St Paul’s and COVID-19 – one specialty’s response to the pandemic

Despite talks of reducing the lockdown, the NHS will continue to experience challenges as a result of COVID-19 for a very long time.

For St Paul’s, most routine clinical and surgical activity has stopped, with the exception of emergency surgery, such as vitreo-retinal and trauma, and intravitreal injections for macular degeneration. The remaining clinics have been reduced in order to fit with social distancing guidance and to safely continue to see those with a sight-threatening disease, where there is a serious risk of permanent sight loss. Other groups of patients are being called at home to assess their symptoms.

 

Cometh the hour, cometh the man or woman

The speed at which standard operating procedures had to change to tackle COVID-19 required plenty of teamwork, leadership, flexibility and courage.

Many of our doctors are from countries where COVID-19 had taken hold and there was genuine concern, and rightly so. Despite their concerns, staff were ready and willing to be redeployed to other areas of the Trust to help the huge effort of looking after patients. One nurse in outpatients complained that she wasn’t allowed to be redeployed because she was “too old!” It was a testament to the dedication of staff to their professions.

 

Thinking creatively

When we think of dentists, we think of them wearing masks. However, when we think of ophthalmic staff we never think of them wearing masks, and yet when a patient is on a slit-lamp, the patient is less than 20cm away. It was quickly decided that a makeshift breath Makeshift breath guard barrier on equipmentguard barrier was needed and the idea of using laminated plastic sheets on slit-lamps and other imagining equipment was forged. Within two hours of asking, our colleagues in the University of Liverpool's Department of Eye and Vision Science had provided A3 lamination wallets and a laminator. Not long after, the University’s Department of Engineering started producing visors on their 3D printers for the Trust staff, and soon companies, schools and members of the public were rallying support too. It was this show of support, amongst the many, many other offers of support that will never be forgotten and will always be appreciated. Thank you!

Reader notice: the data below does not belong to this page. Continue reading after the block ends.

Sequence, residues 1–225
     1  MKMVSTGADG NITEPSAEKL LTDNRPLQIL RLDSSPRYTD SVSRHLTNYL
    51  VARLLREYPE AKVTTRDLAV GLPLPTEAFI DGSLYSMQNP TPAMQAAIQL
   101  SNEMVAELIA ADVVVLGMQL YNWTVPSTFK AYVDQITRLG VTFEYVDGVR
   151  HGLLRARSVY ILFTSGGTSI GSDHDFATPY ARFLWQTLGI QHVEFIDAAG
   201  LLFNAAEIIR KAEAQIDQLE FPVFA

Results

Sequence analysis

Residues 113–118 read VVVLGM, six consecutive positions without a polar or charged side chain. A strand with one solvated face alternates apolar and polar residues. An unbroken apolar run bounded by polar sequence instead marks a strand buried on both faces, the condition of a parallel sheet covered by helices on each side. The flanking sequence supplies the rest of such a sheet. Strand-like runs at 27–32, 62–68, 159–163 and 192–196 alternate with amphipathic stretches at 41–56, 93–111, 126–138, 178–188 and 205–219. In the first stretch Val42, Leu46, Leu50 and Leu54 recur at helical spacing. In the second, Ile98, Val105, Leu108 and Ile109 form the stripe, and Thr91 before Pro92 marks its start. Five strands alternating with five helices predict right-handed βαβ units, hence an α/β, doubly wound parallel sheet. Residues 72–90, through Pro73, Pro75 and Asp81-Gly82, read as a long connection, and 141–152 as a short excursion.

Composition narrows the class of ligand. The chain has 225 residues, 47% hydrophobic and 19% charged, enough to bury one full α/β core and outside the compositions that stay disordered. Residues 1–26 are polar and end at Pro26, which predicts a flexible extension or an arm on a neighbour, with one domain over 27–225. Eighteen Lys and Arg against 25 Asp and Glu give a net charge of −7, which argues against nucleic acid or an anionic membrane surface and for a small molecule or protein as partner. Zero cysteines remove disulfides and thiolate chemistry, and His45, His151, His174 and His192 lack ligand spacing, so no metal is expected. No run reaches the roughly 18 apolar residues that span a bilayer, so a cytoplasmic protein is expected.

Colleagues in the Clinical Eye Research Centre managed to maintain near to capacity as possible with regards to the research being undertaken there, despite implementing new working practices to maintain social distancing and reduce the risk of cross contamination. As with all clinics in St Paul’s, patients often expressed their gratitude to the staff for the lengths they went to protect themselves and patients.

Our orthoptic, optometrist and ophthalmic imaging colleagues have had similar challenges to overcome, due to the proximity in which they also work with patients.

Colleagues in the ocular oncology department have their own challenges when it comes to emotional support. As Sister Gill Hebbar explained, "Our patients usually come to clinic with relatives or friends but with COVID-19 social distancing, we have had to ask the patient to only bring one person for support. As you can imagine, a cancer diagnosis is such devastating news and brings with it a mixture of emotions for the patient, but throw COVID-19 into the mix and having to socially distance, holding hands or a hug of support is not allowed. As oncology nurses, this has been one of the most difficult situations to deal with as we are ‘huggy’ people, instead, we have had to hug virtually."

There is so much that we can learn from this period in time and which may well be integrated into future standard procedures. At the time of writing this blog, steps are being considered to slowly but safely increase patient numbers.